HAMA AMADOU, Prime Minister of Niger: HIV/AIDS has mobilized the world and united it in solidarity. In Niger, according to our health services, only 1.4 per cent of the population is affected. However, that number is not reassuring, as 1.4 per cent is still too much, especially considering that the country is on a migratory crossroads. The campaign against AIDS must take into account Niger’s status as a corridor of transmission from South to North. This session must not be just a succession of speeches but also a realization of the collective responsibility of States. This means that in the Declaration of Commitment each country must contribute, bearing in mind that the war against AIDS cannot afford to pass up any resources. As it is said, “it is water from small brooks that feeds great rivers”.
The Global Fund is indispensable and Niger will support it with full conviction. However, we still need strong political commitment at the highest level in all countries. We also need full accessibility for all people to the available services, and anti-retroviral drugs must be made available to all those who need it. No State can overcome this illness without help from others. Hence, the strategy to combat the epidemic must be based on cooperation. The campaign against AIDS will be financially expensive -- but it was already costing too much in terms of human lives. At this point in time, surviving with AIDS means one has to be rich or live in a prosperous country. Without the hope of a possible cure, few people would submit to HIV/AIDS testing. Niger has decided to make a symbolic contribution of $50,000 to the fund.
SANDRA SUMANG PIERATOZZI, Vice-President and Minister of Health of Palau: As all of you know, my country is one of the newest members of the United Nations. Palau is not immune from the scourge of HIV/AIDS. While the figures for infection in our country seem low compared with other countries, the impact is enormous to us. Given our small population and its slow growth, Palau cannot afford to lose any more of its citizens. Like many remote islands, Palau has limited natural resources and relies heavily on outside sources. Our number one industry is tourism. While this industry brings in needed revenue, it also brings unwanted extra baggage that puts our people at risk. Our people’s travels abroad is another revolving door adding to this risk.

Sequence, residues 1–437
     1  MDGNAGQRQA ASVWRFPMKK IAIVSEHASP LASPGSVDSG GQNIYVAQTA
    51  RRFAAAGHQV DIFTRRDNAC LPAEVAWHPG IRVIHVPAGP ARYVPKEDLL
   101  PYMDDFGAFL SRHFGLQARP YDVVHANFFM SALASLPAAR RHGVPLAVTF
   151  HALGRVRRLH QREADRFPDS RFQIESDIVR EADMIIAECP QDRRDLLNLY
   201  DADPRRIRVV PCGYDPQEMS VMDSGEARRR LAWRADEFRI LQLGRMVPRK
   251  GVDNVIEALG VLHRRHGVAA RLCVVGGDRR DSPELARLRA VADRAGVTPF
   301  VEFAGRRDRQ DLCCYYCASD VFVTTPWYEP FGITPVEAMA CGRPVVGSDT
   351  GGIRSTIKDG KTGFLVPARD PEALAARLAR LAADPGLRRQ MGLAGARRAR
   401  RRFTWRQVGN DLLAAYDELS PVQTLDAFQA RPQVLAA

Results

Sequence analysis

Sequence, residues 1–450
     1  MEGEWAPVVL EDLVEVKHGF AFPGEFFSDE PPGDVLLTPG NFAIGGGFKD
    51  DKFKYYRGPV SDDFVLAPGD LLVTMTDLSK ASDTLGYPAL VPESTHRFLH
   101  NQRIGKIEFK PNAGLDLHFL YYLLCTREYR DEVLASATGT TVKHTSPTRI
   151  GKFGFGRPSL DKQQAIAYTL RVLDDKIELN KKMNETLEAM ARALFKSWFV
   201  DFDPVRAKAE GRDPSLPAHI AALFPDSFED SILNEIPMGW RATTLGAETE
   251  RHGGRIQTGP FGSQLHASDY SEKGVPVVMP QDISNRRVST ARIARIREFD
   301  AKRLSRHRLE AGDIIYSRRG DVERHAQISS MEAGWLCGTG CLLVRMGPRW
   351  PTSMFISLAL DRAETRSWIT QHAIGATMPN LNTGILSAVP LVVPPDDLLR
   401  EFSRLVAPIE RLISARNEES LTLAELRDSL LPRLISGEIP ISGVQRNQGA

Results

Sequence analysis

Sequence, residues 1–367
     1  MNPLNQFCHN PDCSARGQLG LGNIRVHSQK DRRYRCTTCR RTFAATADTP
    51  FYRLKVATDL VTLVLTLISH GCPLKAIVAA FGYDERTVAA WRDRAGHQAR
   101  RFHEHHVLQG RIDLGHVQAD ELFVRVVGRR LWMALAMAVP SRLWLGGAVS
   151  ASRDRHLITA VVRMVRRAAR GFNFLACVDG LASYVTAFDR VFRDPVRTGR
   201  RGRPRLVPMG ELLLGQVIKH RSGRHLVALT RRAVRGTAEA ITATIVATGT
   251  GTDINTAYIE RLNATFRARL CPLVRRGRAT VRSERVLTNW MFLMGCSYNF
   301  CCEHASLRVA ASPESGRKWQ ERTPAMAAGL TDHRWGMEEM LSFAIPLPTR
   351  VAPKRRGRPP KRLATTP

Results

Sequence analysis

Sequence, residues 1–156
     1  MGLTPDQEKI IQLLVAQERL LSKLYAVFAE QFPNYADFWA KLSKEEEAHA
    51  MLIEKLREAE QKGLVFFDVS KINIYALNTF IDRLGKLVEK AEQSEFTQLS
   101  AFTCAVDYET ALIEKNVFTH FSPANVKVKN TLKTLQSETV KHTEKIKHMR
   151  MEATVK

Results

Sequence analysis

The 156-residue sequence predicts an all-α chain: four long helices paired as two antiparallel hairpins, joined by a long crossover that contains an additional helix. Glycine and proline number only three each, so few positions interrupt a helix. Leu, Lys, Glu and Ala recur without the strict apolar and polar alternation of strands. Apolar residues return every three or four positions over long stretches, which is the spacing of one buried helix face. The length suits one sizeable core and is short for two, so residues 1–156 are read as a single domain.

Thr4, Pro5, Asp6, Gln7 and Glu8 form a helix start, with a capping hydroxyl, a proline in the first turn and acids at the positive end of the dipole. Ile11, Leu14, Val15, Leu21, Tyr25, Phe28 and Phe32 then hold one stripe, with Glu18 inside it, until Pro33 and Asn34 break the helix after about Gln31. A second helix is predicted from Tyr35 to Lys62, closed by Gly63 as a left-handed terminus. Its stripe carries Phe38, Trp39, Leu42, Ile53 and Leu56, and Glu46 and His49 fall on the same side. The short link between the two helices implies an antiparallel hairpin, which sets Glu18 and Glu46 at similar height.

From our standpoint, the best way to effectively combat the pandemic is through massive public education on prevention through safe sex. This is especially critical among young people. Our efforts at public education are often hampered by cultural barriers and limited resources. In the last few months, a young HIV-infected mother gave birth to a healthy baby. The early testing has shown that the baby is HIV-free. The new mother is doing well, and her husband has also tested negative. Our hospital was able to follow closely the protocols, keeping the mother’s identity confidential. Proper procedures were followed for delivery. This is a milestone in our medical history, but there is no guarantee that it can be repeated successfully.
We seek to dispel the stigma and isolation associated with HIV/AIDS, so that those infected can come forth without fear of ostracism. This is particularly important where an informed public could avoid further spread of the disease. Also, women and girls bear a disproportionate share of the HIV burden. Women are central to prevention and treatment plans, as well as to finding sustainable solutions to the situation. I appeal to all to ensure gender equality in strategies to address HIV/AIDS.
JOHN JUNOR, Minister of Health of Jamaica: In the Caribbean, the region most seriously affected by HIV/AIDS after sub-Saharan Africa, AIDS has become a major threat to the most productive segment of the population, the 15-44 age group. Because of that, there is a strong chance that it will undermine the productive capacity of crucial sectors such as education, health, agriculture and business. In Jamaica, 1-2 per cent of the adult population is affected, with a high fatality rate which has orphaned an estimated 2,000 children.
In response, the Government has undertaken comprehensive measures to strengthen healthcare services and has intensified its prevention campaign, along with a programme to reduce mother-to-child transmission. We have also worked within Caribbean regional programmes. We have succeeded in maintaining a lower infection rate than predicted in early projections, but there is still urgent work to be done.
For that reason we welcome the proposed establishment of a global fund, and hope that it will not be subject to bureaucratic impediments. There are no alternatives to acting decisively to promote prevention, to ensure cheaper access to drugs and healthcare, and to respect the rights of those living with the disease.
JOSE SERRA, Minister of Health of Brazil: As far as prevention is concerned, a wide range of measures has proved successful, including: universal access to condoms; women’s empowerment; programmes relating to mother-to-child transmission; strategies directed to the most vulnerable, high-risk groups and the inclusion of issues related to HIV/AIDS in school curricula. In Brazil, these policies have yielded excellent results, allowing us to control the transmission rate. The number of people living with HIV/AIDS now amounts to less than half of what estimates used to predict.
Our integrated approach to prevention and treatment was essential in reaching this success. Because of our policy of ensuring free and universal treatment, the population feels encouraged to accept voluntary and confidential testing, improving notification of AIDS in earlier stages that otherwise would be hidden. Since 1996, when the efficacy of the anti-retroviral therapy was proved, every Brazilian living with HIV/AIDS has had free access to the therapy. Nowadays, almost 100,000 people are taking these drugs in Brazil. The death rate has fallen by approximately 50 per cent. Hospitalizations saw a 75 per cent drop. The epidemic has been stabilized and our public health services are much less overburdened.